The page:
• September 11, 1962

    Telegram from Soviet Ambassador to Cuba Alekseev to the USSR MFA

    Alekseev reports on a conversation with Raul Castro where Castro reinforces the strength of the Soviet-Cuban relationship.

  • September 12, 1962

    Letter from Dutch Embassy, Havana (Boissevain), 12 September 1962

    A letter from Gideon Boissevain, the Dutch Ambassador to Cuba reporting to Amsterdam. The letter primarily concerns the press coverage in Cuba of the rising crisis. Particular attention is paid to the Soviet guarantees of Cuban security and the American responses to the discovered missiles. In Cuba there is fear of an invasion by the United States making use of foreign legionnaires, despite Kennedy's claims there is no plan for an attack on Cuba.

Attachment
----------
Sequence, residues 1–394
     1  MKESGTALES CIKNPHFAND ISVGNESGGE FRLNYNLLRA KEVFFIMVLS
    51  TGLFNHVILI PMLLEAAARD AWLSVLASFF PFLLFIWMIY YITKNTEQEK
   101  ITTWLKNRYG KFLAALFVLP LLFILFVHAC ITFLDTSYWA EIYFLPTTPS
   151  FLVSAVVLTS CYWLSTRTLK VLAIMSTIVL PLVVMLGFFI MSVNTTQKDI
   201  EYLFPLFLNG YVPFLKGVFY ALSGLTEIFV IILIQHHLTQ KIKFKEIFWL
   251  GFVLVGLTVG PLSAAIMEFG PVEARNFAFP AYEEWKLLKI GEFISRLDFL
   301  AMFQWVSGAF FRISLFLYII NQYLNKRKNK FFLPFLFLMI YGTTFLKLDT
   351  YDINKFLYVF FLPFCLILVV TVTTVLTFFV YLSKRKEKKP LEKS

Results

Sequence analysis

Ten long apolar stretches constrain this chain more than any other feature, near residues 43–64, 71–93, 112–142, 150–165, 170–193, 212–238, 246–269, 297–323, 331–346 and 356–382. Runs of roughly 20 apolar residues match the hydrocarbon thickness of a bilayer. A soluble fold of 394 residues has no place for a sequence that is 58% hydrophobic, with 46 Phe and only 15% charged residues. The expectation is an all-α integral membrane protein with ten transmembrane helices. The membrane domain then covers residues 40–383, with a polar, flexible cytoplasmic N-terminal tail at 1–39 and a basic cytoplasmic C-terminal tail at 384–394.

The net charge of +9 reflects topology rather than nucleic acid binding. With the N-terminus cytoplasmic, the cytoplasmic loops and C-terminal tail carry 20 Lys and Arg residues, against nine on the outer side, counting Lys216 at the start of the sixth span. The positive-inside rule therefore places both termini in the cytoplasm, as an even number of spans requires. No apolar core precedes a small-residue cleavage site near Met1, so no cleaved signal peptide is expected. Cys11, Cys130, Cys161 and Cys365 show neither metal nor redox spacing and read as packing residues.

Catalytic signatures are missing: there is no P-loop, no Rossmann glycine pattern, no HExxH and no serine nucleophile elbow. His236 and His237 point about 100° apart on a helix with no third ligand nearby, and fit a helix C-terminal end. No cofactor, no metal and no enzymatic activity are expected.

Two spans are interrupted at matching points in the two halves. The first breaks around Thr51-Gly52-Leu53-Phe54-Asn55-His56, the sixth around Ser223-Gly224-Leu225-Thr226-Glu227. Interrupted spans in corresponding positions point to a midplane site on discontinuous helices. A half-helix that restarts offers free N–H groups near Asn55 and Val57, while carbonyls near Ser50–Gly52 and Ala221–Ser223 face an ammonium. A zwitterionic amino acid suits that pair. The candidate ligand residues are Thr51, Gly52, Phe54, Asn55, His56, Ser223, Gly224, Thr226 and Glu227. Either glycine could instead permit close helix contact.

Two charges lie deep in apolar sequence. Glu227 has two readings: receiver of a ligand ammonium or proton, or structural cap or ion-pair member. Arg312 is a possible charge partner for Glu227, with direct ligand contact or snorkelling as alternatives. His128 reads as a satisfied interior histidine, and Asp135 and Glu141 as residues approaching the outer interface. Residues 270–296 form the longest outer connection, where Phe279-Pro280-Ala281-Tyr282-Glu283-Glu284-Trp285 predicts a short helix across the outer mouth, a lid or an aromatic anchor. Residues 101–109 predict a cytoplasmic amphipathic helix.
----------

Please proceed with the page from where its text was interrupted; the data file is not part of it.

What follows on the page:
• September 14, 1962

    Telegram from Polish Embassy in Havana (Jeleń), 14 September 1962

    Jelen discusses a conversation he had with [Foreign Minister Raúl] Roa [García] on 9 September. They discussed diplomatic visits, UN delegation sessions, and growing tensions in the 'Cuban situation' and possible US military action against Cuba.

  • September 21, 1962

    Letter from Dutch Embassy, Havana (Boissevain), 21 September 1962